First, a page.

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Discussion Starter #1 (Edited)
While traveling 450 miles from home, I awoke the second morning to the engine starting as soon as the car was turned on, even with significant charge on the traction battery. There was a CEL and a message on the display saying "AC not on due to high engine temp (or similar wording)." AC did work in spite of wording. I checked the coolant level and hood latch, and I tried a computer reset by disconnecting negative terminal of 12V battery. No luck.

I called OnStar and retrieved the DTC of P0116 and they emailed me the description of the DTC:
P0116 The Engine and Transmission System is not performing as expected. An issue has been detected in the Engine Cooling System which monitors and controls engine temperature to maintain optimal operating temperatures and avoid overheating conditions. If you are driving under normal operating conditions, please check the temperature gauge on the instrument panel. If the needle is in the red warning area, the engine is too hot. Pull off the road, stop the vehicle, and turn off the engine as soon as possible.
I was fearful that if I let the battery fully deplete, and the engine was eventually disabled due to a perceived high temp, I could be facing a tow. Running in either HOLD or MOUNTAIN seemed to be consuming a lot of fuel. I figured the mixture could well be way rich as the computer was trying to reduce the perceived high engine temp. I was scheduled to drive home the next day. So, I found a dealer.

One hour after arriving at Lamb Chevrolet in Prescott, AZ, I had a diagnosis. I thought they were blaming it on me being a "pack rat" and then I realized they were referring to a real animal. Who knew there is really an animal with that name . . . I thought it was merely an endearing term for human hoarders. Being paranoid about them perhaps seeing my WOT sensor and not seeing the OEM sensor, I asked to see the problem harness pigtail. I was shown a loose wire from the temperature sensor hanging out from under the engine cover and some nesting material under there. Seems that on my second night there, a Prescott rodent had found my car. The technician said that the rats like the Volt (GM?) wiring as much as gummy bears. So, since I was facing a diagnosis charge either way, and fuel was being consumed at way to high a rate with questionable throttle response, driving back home and repairing (or trying) it myself wasn't a good option. $510 later, everything was good again except my wallet. $41 for the part and the rest for labor (3.3 hrs?)

Back in her cubicle, my svc writer said that some people had reported success using a product that emits up to 105 db ultrasonic sound and has flashing lights to make the under-hood area inhospitable for nest-building by the critters. I later found the product to be the MouseBlocker Pro. I guess the unit is hardwired to the battery, and runs anytime the voltage is between 11V and 13.2V. Although the a majority of reviews are positive, it's evidently not a guaranteed fix for everyone, as one purchaser reported that a mouse/rat had built a nest right on top of the actual device (who knows whether it was installed correctly and/or working). If I were to park outside on a regular basis in that area, I'd probably try the $90 device to mitigate the odds of having another $510 expenditure. I know there are tapes you can use to wrap the existing wires, making them unappetizing to the rats, but there are LOTS of wires under our Volt hoods.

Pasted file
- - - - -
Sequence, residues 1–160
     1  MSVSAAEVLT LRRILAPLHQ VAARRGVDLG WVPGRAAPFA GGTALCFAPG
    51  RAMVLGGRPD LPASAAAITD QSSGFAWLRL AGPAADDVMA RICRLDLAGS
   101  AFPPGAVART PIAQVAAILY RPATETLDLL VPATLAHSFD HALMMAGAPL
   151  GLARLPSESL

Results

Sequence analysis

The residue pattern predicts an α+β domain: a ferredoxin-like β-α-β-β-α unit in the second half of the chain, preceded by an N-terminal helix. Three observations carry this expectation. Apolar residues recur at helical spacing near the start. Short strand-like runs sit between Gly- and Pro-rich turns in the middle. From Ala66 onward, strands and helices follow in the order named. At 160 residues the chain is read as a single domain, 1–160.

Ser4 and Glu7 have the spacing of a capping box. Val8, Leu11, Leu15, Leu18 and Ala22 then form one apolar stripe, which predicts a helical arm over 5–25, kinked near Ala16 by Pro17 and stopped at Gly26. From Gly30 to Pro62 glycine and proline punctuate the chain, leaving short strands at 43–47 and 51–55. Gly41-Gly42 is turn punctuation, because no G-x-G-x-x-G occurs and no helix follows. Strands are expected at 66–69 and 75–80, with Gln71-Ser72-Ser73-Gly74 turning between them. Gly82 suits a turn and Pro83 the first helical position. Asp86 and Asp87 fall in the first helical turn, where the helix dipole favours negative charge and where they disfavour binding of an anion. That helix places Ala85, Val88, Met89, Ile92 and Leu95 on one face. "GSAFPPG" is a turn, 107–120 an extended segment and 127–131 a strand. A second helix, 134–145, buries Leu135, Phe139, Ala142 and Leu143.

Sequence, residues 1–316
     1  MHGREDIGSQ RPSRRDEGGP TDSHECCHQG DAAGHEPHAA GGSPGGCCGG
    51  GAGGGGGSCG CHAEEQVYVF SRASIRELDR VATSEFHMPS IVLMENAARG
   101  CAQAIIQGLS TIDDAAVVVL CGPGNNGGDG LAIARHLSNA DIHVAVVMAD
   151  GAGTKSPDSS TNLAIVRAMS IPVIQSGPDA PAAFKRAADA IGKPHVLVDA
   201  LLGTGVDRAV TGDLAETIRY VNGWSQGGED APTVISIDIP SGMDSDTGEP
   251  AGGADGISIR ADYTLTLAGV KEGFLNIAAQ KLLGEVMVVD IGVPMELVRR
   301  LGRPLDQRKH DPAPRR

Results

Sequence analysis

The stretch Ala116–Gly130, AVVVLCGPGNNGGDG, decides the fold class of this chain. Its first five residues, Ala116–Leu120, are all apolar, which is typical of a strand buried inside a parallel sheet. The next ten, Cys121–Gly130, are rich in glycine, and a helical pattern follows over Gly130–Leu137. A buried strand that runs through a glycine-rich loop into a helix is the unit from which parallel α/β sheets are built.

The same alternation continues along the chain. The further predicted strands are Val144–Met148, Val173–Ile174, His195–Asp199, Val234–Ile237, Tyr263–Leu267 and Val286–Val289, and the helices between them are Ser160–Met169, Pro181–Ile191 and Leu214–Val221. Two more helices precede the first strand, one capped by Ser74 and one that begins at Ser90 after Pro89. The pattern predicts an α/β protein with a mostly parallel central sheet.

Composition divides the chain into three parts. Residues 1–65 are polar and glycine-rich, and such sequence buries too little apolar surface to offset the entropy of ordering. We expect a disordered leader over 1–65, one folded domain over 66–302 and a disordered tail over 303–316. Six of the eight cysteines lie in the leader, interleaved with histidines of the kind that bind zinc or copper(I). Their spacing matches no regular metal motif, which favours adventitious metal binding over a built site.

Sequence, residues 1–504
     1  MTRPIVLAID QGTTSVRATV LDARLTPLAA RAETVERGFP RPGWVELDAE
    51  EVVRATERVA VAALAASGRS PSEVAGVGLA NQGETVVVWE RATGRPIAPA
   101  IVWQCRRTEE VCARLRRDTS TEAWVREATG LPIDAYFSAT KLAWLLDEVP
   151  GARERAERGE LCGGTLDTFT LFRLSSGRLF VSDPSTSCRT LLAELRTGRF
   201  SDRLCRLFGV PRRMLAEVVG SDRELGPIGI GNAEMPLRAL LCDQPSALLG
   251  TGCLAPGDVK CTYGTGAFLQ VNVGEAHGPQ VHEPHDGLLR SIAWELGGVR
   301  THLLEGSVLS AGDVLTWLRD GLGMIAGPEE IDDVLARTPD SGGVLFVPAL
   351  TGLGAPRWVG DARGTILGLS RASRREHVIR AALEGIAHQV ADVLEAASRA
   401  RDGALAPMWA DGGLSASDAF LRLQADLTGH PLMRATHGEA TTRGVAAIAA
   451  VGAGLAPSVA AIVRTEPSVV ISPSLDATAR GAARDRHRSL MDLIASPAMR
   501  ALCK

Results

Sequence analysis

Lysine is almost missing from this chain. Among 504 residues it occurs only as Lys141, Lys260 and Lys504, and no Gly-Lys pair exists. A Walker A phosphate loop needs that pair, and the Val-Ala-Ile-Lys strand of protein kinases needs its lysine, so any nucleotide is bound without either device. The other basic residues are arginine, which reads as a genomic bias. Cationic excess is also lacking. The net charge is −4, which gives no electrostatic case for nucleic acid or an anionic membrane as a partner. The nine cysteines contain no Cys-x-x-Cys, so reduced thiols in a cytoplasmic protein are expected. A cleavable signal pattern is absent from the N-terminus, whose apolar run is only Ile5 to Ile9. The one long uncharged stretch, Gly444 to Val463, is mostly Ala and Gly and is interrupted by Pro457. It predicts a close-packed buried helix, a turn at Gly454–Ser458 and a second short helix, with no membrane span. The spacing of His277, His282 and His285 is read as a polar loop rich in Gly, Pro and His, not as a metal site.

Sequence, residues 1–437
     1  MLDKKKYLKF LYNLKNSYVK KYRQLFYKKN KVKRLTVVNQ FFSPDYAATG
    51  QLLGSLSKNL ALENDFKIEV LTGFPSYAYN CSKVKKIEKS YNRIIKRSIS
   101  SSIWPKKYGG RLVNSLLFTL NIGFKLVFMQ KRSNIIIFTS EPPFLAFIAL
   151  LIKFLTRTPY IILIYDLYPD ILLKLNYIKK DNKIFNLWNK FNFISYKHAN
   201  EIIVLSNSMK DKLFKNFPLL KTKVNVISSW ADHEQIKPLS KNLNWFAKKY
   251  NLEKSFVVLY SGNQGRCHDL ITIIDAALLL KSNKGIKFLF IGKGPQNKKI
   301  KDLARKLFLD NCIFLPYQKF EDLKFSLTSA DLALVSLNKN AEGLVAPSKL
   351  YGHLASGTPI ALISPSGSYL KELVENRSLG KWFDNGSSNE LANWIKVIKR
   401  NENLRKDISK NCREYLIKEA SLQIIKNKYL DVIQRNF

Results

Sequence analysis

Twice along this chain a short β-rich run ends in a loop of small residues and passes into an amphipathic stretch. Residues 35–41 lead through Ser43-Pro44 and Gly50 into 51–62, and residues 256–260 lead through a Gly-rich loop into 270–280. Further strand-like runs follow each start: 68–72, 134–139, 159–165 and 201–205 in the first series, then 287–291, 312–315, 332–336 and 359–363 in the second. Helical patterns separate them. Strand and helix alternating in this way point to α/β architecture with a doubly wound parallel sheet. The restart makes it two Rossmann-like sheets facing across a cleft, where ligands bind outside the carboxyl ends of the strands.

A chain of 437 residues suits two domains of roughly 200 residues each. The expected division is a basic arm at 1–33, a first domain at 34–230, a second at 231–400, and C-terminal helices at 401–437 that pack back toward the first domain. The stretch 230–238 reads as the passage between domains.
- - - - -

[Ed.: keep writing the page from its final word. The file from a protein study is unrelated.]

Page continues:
If anybody else sees that DTC, you might want to look under the cover for this issue. Good luck.
 

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Odd that a code for engine not running at optimal temperature forces you to drive it using the engine and not the battery - You would think the opposite

Don
 

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Discussion Starter #3
Odd that a code for engine not running at optimal temperature forces you to drive it using the engine and not the battery - You would think the opposite
As soon as it happened, my host and I scratched our heads over that irony as well. I did find an old post on another forum regarding the same DTC by a GM tech who tried to explain it by saying that despite the wording on the display, GM had chosen to use the same message for low temperature readings as well. ???
 

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Discussion Starter #4
An important point for anyone who, down the road, might encounter these symptoms . . . if there is any chance it could be rodent damage, call your automobile insurer. I just found that my assumption that a part had "failed" and taking it to the dealer for diagnosis will probably cost me my comprehensive insurance reimbursement. Since I didn't take it to a partnering facility, USAA will limit any reimbursement to the amount one of their partners (probably not dealers), would have charged, minus the deductible.
 
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